Despite heavy competition, Microsoft co-founder Paul Allen emerged as obnoxious billionaire of the week, amid reports that his 300-foot luxury yacht destroyed 14,000 square feet of protected coral reef near the Cayman Islands.
According to the Cayman News Service, the anchor chain of Allen’s yacht, the MV Tatoosh, caused “extensive damage” to the reef earlier this month. The incident comes just five months after Allen announced that he would provide funds for research to “stabilize and restore coral reefs” through his Seattle-based company, Vulcan.
A spokesman for Vulcan said Wednesday that the boat’s mooring position was “explicitly directed” by the local port authority and that Allen was not on board at the time. It added that Vulcan and the ship’s crew had immediately moved the ship from the affected area and were “actively and cooperatively working with local authorities to determine the details of what happened.”
Well, OK…but still, bad billionaire! Coral is precious. Fat Cats should be more careful.
A report released this week by the US Environmental Protection Agency (EPA) showed a link between a major class of pesticides and harm to honeybees, but only when used on certain types of crops. The report showed that pesticides known as neonicotinoids posed a significant risk to honeybees when used on cotton plants and citrus trees but not when used on other big crops like corn and tobacco.
Both the pesticide manufacturer and anti-pesticide advocates were unhappy with the report, which failed to make a clear case for either continued use of neonicotinoids or an outright ban.
Neonicotinoids, chemicals that work on insects’ central nervous systems, have been the subject of intense debate in Europe, where several countries have enacted full or partial bans on their use. Despite this, most scientific bee experts agree that neonicotinoids alone are not to blame for the problem of dwindling bee populations, although they may be a factor in some cases.
Entomologist May Berenbaum of the University of Illinois noted that the health of honeybees, agriculture’s top pollinator, is a complex puzzle that includes climate, food for bees, parasites, disease and the way different pesticides and fungicides interact. “People would like a nice simple story with a guy in a black hat as the bad guy, but it’s complicated.”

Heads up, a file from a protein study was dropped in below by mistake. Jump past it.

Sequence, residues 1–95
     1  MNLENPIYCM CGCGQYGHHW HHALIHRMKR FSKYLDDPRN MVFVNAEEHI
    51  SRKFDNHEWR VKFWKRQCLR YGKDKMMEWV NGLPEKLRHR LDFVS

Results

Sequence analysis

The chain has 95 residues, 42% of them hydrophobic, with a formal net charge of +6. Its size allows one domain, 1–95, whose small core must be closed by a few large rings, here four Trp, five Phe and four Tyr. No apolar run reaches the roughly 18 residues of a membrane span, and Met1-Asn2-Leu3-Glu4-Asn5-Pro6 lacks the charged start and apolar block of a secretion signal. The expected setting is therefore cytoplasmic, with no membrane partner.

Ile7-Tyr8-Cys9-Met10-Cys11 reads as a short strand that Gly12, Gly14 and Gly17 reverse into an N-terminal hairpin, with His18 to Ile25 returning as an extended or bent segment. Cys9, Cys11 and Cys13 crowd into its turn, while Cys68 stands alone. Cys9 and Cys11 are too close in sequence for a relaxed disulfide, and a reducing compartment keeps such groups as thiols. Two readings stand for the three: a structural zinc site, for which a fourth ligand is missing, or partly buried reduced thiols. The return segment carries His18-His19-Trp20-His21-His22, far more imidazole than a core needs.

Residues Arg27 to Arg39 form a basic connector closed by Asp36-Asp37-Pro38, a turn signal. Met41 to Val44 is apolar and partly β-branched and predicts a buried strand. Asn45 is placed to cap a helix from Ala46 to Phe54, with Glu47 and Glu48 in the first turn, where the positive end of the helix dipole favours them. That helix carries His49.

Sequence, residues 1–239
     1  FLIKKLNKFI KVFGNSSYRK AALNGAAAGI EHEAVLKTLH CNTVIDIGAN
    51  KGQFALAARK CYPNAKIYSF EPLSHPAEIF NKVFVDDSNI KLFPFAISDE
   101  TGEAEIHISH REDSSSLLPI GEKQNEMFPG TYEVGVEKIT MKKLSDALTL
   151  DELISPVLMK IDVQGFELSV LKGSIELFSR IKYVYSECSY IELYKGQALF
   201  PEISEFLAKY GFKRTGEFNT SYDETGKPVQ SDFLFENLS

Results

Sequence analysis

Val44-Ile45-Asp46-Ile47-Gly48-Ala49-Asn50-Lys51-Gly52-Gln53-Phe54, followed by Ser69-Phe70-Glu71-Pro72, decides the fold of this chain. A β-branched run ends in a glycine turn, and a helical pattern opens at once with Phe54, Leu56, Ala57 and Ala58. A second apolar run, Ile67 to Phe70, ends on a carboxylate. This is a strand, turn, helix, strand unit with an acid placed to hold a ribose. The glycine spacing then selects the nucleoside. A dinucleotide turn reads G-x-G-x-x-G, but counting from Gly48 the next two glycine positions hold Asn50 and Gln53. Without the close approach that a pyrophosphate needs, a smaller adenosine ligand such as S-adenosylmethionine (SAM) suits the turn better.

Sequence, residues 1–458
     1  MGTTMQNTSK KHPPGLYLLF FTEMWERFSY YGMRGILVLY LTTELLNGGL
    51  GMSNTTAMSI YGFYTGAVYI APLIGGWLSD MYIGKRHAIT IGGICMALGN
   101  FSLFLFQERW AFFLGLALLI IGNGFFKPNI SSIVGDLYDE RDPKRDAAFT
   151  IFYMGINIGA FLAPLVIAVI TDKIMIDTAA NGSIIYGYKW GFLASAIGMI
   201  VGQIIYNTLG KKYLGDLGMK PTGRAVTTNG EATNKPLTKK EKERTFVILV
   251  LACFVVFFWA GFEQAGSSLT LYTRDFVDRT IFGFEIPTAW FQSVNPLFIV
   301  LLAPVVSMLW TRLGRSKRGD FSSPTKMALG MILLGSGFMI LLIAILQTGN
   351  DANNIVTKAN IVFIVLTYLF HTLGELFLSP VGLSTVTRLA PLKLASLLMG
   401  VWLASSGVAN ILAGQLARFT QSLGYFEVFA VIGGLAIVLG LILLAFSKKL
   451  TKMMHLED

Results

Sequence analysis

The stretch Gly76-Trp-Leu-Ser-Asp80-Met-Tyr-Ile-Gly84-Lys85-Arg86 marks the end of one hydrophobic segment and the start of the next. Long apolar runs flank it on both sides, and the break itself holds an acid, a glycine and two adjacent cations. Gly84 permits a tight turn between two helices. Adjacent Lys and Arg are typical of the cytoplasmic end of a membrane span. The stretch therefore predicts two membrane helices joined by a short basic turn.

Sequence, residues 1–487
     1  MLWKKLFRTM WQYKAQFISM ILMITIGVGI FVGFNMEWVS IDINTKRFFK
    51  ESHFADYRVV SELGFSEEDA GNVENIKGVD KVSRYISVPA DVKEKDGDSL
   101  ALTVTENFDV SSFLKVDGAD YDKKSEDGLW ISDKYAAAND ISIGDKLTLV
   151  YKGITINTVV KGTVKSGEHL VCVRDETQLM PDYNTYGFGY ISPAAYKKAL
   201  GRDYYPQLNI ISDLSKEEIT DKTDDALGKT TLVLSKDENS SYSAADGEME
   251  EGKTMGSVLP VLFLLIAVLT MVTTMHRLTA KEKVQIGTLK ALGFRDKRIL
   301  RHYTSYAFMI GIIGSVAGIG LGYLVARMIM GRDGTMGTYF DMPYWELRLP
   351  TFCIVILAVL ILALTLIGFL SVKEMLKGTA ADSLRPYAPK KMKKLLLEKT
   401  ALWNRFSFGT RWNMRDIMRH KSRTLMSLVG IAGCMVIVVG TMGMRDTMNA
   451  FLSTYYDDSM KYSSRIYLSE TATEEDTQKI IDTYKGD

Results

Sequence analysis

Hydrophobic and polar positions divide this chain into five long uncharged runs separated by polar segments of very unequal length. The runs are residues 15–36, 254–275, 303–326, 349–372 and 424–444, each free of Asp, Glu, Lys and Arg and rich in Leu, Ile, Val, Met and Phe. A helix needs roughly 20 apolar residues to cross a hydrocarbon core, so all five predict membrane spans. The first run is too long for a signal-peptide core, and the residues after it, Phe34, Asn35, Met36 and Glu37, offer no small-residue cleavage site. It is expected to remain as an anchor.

Our science kitteh, on the other hand, seems to have identified a villain. Oh, dear.
Scientists, journalists and policy-makers gathered in Washington, DC this week for the International Summit on Human Gene Editing at the National Academies of Science. The meeting, which NAS co-hosted with the Chinese Academy of Sciences and the U.K.’s Royal Society, was billed as a global discussion of “the scientific, ethical, and governance issues associated with human gene-editing research.” In particular, the summit focused on the implications of the emergence of CRISPR, a new gene-editing technique which is cheaper, more versatile and more precise than any currently in use.
This topic is a little complex for cats, so we’ll let the experts help out. Ed Yong, in The Atlantic, outlines the basics of the technique and what scientists are working on to make it even better, while Tina Saey writes in Science News about the significant safety and ethical issues and the guidelines in place for further development.
While scientists work on the fancy new stuff, cats will continue to use their traditional techniques for editing your jeans – shedding, clawing and nomming.
This week, the US Food and Drug Administration approved its first genetically modified animal, the AquAdvantage salmon, as safe to eat. The FDA found that the GM salmon are “as safe to eat as any non-genetically engineered Atlantic salmon, and also as nutritious.” It will not require that stores label the salmon as genetically modified, although they may still do so.
The AquAdvantage salmon, created in 1989, is similar to the Atlantic salmon, but is modified so that it carries a growth hormone found in the Chinook salmon and a segment of DNA taken from the pout fish, which boost its growth. As a result, the AquAdvantage salmon grows much faster than normal Atlantic salmon, reaching a market-ready size in about half the time. Bigger fish faster? Our science cats give this genetic tweak two paws up.
The Nobel Prize in Physics was awarded this week to Arthur McDonald and Takaaki Kajita for their work with neutrinos.
The two were honored for their contributions to experiments demonstrating that subatomic particles called neutrinos change identities. The neutrinos transform themselves among three types: electron-type, muon-type and tau-type.
The transformation requires that neutrinos have mass, dispelling the long-held notion that they were massless. The Royal Swedish Academy of Sciences, which awards the Nobels, said the discovery “has changed our understanding of the innermost workings of matter.”
This is super impressive and, more importantly, gives us an excuse to re-run this awesome lolcat.